That statement about "special care" apparently angered a good portion of the NYPD, and when DeBlasio showed up at a press conference last night a number of officers turned their backs to him.

Into this mess, as if we needed him to weigh in, tweets George Pataki.

Your mileage may vary, but the last thing this controversy needs is a fly-off-the-handle politician like George Pataki, who back in 2003 added to the conflation of 9/11 and Saddam Hussein by suggesting that metal from his torn-down statue be melted and forged into a girder for the new WTC. "The war started right here on September 11 of 2001." The one in Afghanistan started at Ground Zero, but the one in Iraq started at the Bush White House. Pataki is nothing more than a weather vane, and is of no help now.

Link | Comments | 8:35 AM
 

Thursday, December 18, 2014

Well. Isn't THIS interesting.

Jeb Bush financial improprieties.

Link | Comments | 6:46 PM
 

Wednesday, December 17, 2014

Well. A good day.

It was, by any measure.

  • US-Cuba relations ease incredibly.
  • The thaw was brokered by the Pope.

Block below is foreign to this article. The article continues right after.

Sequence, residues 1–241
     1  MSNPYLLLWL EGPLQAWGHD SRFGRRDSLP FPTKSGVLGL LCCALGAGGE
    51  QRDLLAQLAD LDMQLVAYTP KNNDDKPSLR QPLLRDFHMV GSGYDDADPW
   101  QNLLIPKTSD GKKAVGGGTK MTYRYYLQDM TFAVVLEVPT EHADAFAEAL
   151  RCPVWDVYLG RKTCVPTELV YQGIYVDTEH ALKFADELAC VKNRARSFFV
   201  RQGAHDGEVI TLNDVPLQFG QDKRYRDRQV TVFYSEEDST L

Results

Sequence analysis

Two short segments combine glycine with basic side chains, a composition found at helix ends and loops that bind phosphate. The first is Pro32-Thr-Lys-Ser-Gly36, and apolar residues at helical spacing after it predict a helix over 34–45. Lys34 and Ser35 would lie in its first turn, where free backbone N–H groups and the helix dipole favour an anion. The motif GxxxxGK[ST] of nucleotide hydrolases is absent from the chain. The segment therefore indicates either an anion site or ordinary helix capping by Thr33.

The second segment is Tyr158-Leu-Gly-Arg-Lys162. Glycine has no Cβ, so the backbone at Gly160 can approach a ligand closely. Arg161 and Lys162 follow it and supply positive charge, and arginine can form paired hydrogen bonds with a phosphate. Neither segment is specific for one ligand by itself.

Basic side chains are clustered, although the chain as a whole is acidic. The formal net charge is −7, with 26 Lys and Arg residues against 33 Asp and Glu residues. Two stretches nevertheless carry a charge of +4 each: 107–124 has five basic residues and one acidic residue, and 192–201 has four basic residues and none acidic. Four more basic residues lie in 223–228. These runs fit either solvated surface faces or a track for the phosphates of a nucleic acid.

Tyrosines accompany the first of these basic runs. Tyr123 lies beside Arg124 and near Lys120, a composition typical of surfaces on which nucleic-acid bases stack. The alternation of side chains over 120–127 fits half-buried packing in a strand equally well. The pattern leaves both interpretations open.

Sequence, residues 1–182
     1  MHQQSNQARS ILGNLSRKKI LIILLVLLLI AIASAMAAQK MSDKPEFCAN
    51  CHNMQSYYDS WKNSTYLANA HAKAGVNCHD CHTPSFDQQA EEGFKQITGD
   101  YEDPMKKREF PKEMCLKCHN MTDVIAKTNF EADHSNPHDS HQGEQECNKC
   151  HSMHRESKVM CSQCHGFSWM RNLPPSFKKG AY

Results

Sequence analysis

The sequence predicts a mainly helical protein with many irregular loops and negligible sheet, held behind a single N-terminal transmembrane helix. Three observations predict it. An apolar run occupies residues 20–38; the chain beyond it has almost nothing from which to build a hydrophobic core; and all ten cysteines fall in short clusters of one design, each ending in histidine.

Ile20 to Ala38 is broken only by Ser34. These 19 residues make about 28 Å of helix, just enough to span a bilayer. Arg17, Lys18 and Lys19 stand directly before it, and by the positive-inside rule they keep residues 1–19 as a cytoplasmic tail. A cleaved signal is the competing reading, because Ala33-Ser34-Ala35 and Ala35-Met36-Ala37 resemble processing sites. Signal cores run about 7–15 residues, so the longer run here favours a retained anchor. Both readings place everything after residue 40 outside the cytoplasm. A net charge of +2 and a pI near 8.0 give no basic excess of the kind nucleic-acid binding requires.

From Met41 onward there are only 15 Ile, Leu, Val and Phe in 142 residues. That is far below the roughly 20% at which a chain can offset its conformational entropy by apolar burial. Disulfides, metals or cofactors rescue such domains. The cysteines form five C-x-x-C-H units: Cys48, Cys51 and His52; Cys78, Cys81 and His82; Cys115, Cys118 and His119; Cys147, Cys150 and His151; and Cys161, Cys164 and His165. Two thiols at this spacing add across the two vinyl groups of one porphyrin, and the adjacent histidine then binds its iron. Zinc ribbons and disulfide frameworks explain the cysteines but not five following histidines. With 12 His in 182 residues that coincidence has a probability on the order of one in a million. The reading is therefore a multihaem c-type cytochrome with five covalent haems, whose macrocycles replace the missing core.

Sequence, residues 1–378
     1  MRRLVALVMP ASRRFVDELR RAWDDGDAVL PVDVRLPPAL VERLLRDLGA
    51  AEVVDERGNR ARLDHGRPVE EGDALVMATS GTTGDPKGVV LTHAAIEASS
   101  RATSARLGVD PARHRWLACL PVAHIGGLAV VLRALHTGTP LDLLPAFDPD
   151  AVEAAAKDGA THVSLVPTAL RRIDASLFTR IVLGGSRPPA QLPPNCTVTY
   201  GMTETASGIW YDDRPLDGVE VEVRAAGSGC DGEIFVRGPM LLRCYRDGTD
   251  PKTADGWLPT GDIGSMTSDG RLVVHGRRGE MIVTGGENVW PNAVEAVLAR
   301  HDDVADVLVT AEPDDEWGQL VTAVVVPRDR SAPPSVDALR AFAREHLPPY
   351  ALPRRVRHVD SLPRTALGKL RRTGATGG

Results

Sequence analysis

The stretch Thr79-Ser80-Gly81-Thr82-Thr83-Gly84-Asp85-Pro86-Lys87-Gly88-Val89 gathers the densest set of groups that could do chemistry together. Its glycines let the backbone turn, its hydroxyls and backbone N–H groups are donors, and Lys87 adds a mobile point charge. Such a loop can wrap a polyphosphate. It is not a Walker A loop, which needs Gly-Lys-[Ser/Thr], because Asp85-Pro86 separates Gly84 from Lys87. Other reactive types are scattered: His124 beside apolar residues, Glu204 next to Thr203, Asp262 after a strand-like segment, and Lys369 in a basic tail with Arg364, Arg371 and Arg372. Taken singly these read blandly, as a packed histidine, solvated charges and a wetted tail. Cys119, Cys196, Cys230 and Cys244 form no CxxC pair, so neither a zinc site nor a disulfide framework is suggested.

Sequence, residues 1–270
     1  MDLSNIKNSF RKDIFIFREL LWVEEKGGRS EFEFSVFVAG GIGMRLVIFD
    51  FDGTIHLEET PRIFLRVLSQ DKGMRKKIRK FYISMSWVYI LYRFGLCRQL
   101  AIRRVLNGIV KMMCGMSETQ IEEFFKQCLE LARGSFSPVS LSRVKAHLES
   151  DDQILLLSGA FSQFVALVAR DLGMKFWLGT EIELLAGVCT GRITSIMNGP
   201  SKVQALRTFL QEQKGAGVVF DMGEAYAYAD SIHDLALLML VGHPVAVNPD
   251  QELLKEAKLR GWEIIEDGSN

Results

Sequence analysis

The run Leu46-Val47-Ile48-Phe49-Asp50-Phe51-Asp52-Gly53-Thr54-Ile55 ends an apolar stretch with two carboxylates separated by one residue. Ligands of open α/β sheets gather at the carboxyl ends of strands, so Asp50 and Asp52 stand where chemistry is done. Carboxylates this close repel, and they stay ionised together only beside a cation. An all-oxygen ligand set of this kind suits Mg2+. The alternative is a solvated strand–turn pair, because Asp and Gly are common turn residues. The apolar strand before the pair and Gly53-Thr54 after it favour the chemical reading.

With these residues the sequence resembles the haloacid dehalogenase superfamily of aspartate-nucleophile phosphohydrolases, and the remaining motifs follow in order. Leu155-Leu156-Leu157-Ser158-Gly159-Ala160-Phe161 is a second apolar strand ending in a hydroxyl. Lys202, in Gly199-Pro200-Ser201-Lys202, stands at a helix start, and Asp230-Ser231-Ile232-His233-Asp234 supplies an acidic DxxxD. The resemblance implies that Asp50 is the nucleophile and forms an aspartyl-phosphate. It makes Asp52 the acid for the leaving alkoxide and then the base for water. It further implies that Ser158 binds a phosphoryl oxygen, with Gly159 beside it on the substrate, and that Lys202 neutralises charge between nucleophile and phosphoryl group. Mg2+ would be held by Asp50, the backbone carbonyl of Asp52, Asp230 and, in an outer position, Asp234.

• Individual executives at the company ("Freeeeeeeeedom Industries!") that polluted the Elk River (WV) with all those horrible chemicals were indicted.
  • A judge semi-righted a wrong: throwing out the conviction of a black teen 70 years after he was executed for allegedly beating two white girls to death. (A semi here, because it's obviously regrettable this decision was ever needed.)
  • NY Governor Andrew Cuomo is going to ban fracking. (His failure to do so earlier is one factor which contributed to Zephyr Teachout getting north of 30% against him in the September primary. So we still thank Teachout.)
  • SCOTUS refuses to wade in on a case in Arizona, where the prior highest decision was yes, let immigrants the US won't deport get driver's licenses.
  • A captain at Rikers Island was convicted of violating a prisoner's civil rights, and callously letting him die. He only faces ten years, though.
  • Colombia is putting Gabriel Garcia Marquez on their money. No word on the denomination (might be Catholic, in that country, nyuk), but the hundred would be damned cool.

I have no doubt that there's bad news out there today too, but this was pretty impressive.

I hope you remember this guy from Buena Vista Social Club...

Link | Comments | 7:40 PM